Scott Hannan, Sean Bergenheim

With Capitals uninterested in bringing him back, Scott Hannan searches for new team


When the Washington Capitals nabbed rugged defenseman Scott Hannan last November, many wondered if he could be the missing piece. With his grit and lengthy resume of NHL experience, it seemed like Hannan possessed the kind of grit that critics found lacking in an oft-criticized Capitals blueline.

Regardless of how you feel about Hannan’s individual performance, the Capitals’ playoff run ended like the others: with disappointment. It’s lousy – and if you ask me, wrong – to lay much of the blame at Hannan’s feet, but he wasn’t a magical elixir for Washington’s woes, either.

For many who watch the team closely, the Roman Hamrlik signing is the team’s attempt to find a Hannan upgrade. Hannan probably has a slight edge on Hamrlik in the physicality department, but Hamrlik isn’t shy to use a little ruggedness either. Even if that edge is big, Hamrlik is more responsible in his own end, is even more experienced and can contribute far more offensively as well. (Hamrlik has 624 points in 1,311 career regular season games; Hannan has 185 in 830.)

That being said, Hamrlik’s age could make him more prone to injuries, so would the Capitals consider keeping Hannan around as a depth player/insurance? It doesn’t sound like a bad idea at the right price, but Stephen Whyno reports that Hannan must look elsewhere for employment next season.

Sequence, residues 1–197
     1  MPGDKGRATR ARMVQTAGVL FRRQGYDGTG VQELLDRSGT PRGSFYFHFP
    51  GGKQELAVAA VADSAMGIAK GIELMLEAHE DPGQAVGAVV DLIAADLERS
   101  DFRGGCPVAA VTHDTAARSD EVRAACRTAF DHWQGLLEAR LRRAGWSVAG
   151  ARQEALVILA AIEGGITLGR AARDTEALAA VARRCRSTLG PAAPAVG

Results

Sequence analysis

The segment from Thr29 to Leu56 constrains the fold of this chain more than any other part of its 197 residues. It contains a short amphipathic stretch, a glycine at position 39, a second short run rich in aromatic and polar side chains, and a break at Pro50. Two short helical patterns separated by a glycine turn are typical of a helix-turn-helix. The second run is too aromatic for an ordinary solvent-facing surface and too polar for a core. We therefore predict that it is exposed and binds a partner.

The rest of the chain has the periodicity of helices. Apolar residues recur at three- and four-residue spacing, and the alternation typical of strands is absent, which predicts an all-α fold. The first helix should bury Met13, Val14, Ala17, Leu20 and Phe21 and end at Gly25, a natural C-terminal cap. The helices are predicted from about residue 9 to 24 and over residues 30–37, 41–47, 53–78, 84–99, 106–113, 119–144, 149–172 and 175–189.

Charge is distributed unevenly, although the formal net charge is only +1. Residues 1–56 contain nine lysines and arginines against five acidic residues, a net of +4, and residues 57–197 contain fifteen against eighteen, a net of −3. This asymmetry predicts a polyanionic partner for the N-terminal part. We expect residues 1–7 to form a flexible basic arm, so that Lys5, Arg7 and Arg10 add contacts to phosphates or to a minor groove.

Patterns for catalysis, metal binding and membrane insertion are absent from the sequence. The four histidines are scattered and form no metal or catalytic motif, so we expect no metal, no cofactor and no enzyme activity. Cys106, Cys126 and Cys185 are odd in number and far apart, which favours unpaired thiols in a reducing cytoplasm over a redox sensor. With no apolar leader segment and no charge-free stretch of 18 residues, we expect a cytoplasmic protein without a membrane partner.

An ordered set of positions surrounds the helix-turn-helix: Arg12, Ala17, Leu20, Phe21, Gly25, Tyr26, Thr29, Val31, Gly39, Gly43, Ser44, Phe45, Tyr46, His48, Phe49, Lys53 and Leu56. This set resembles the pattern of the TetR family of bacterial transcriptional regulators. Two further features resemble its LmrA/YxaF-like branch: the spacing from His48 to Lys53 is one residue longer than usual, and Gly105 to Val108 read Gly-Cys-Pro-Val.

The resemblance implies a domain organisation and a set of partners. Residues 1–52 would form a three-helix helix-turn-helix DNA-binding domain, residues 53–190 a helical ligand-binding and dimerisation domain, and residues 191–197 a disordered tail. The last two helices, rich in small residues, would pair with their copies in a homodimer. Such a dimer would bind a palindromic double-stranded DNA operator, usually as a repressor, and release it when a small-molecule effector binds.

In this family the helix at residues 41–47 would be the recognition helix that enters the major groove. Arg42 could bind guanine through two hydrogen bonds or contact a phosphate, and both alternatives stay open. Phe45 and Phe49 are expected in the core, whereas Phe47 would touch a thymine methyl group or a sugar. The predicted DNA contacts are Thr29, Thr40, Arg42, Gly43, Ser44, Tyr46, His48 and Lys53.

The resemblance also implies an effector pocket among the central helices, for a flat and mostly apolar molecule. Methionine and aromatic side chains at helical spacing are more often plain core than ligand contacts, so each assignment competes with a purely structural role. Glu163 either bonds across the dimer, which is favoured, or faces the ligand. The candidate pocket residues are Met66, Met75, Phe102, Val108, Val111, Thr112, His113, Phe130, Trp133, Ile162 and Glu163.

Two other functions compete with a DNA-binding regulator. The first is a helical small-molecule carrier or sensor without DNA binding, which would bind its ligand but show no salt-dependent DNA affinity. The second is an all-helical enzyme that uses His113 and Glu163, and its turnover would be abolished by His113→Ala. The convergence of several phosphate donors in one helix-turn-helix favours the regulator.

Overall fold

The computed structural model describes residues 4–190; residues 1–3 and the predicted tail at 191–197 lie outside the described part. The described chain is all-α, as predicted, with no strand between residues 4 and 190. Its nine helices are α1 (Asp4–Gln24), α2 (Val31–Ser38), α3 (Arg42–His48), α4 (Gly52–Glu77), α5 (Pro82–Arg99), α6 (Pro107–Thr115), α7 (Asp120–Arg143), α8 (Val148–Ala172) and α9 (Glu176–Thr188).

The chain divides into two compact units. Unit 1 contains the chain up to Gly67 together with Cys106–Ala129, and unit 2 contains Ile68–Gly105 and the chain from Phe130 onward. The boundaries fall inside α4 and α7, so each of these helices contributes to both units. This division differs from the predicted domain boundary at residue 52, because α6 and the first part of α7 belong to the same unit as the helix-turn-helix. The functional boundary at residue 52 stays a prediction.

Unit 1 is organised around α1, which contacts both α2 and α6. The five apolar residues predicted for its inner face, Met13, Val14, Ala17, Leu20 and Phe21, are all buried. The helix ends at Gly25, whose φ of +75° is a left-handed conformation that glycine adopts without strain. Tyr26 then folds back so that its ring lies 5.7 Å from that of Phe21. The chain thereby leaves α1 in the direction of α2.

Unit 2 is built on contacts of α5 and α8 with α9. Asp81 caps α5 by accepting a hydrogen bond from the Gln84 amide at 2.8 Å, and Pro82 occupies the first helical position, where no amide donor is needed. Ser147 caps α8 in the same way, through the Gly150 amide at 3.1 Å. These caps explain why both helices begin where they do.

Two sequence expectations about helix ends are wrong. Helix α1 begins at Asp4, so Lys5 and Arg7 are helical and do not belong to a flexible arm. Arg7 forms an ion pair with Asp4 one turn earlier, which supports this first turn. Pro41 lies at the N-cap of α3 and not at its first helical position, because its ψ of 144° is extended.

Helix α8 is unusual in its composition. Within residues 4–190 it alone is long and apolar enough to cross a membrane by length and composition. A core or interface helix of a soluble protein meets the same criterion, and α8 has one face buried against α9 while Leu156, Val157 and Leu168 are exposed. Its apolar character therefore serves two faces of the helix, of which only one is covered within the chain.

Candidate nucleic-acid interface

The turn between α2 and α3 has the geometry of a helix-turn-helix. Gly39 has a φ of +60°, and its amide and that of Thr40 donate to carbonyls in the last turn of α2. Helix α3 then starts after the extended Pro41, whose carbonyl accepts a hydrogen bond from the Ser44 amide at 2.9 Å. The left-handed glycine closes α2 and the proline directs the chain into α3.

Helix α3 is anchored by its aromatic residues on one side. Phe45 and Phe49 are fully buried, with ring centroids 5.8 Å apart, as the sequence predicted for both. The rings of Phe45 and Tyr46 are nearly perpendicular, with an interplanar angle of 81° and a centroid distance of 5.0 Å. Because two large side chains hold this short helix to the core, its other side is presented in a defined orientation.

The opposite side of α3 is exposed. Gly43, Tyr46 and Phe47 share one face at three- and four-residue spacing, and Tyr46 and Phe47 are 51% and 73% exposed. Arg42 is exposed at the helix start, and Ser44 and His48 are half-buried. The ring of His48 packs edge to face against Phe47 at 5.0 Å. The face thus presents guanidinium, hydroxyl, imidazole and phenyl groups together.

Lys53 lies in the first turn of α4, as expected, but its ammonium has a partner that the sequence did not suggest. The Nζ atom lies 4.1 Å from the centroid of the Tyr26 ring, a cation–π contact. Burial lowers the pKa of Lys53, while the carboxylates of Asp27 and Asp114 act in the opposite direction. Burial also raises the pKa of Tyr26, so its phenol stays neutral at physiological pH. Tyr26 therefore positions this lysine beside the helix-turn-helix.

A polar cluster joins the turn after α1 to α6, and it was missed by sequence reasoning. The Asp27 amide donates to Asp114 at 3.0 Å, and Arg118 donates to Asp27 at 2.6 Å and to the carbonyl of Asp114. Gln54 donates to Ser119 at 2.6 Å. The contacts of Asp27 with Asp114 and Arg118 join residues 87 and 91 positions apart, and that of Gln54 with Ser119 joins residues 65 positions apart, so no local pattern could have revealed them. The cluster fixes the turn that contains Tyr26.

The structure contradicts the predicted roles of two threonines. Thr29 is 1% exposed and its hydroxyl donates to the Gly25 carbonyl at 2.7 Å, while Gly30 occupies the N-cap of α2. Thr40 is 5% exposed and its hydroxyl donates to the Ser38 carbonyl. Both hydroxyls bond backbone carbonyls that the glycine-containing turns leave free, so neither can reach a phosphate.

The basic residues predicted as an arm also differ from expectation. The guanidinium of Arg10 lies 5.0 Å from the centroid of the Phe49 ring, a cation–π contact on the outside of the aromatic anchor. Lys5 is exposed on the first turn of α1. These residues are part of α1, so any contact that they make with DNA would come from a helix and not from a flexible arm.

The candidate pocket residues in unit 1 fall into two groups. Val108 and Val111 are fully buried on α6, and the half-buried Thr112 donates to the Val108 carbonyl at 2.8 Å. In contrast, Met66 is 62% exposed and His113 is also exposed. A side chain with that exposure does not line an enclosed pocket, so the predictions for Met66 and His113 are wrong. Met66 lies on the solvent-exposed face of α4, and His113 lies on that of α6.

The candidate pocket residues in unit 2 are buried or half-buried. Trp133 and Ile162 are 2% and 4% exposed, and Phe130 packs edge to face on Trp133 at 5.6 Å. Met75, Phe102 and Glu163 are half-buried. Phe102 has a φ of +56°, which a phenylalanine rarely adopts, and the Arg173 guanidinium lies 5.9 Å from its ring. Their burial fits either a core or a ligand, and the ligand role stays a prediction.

Scott Hannan never received an offer from the Capitals before July 1 and remains unsigned. His agent, Don Meehan, told The Washington Times in an email that he’s still working to secure an NHL deal for the veteran.

As for the posssibility of Hannan playing next season for the Caps, Meehan said flatly, “That won’t happen.”

Let me first admit this much: I’m not blown away by Hannan as a defenseman, at least when considering his bloated former price tag. That being said, the former San Jose Sharks defenseman might actually make some sense in the price and role of newly added Sharks defenseman Colin White.

Like White, Hannan is “economical,” which is a nice way of saying that he doesn’t have a wide range of talents but keeps his game simple and rugged. Both won’t wow you but can serve as decent depth defensemen who soaks up tough minutes. Hannan averaged a team-leading 2:40 shorthanded minutes per game last season, which is more impressive than it sounds because the Capitals PK was quite sound.

Some teams who may want to consider Hannan (if he’s OK with Colin White-type money)

  • New Jersey – Why not make this comparison come full circle by adding Hannan? White was too much at $3 million but his size and experience might be missed. (Kevin Sellathamby also brought up this idea.)
  • Montreal – Hamrlik replaced Hannan, so maybe Hannan could replace Hamrlik’s physicality while a hopefully healthy Andrei Markov could more than make up for the loss in offense? (Stan Fischler thinks Hannan might work in Montreal.)
  • Pittsburgh – Not the first team that came into my head (Mike Colligan’s idea), but a depth boost might be handy for a Penguins team that might have a lot of grinding in its future if Sidney Crosby and Evgeni Malkin have health issues again.
  • Islanders – They could pay Hannan more than other teams since they need to reach the cap floor. Hey, he could even keep Evgeni Nabokov company, too. (Whyno brought this one up, although I doubt Hannan would get $4 million.)
  • Anaheim – The Ducks’ defense can use every bit of help they can get and Hannan probably wouldn’t mind living in California again.
  • Vancouver – Sure, their ideal add would be a top-six forward, but a lack of blueline depth is what doomed them in the Stanley Cup finals. If you think Boston bullying was an even bigger issue in that series, then Hannan could help a bit there, too.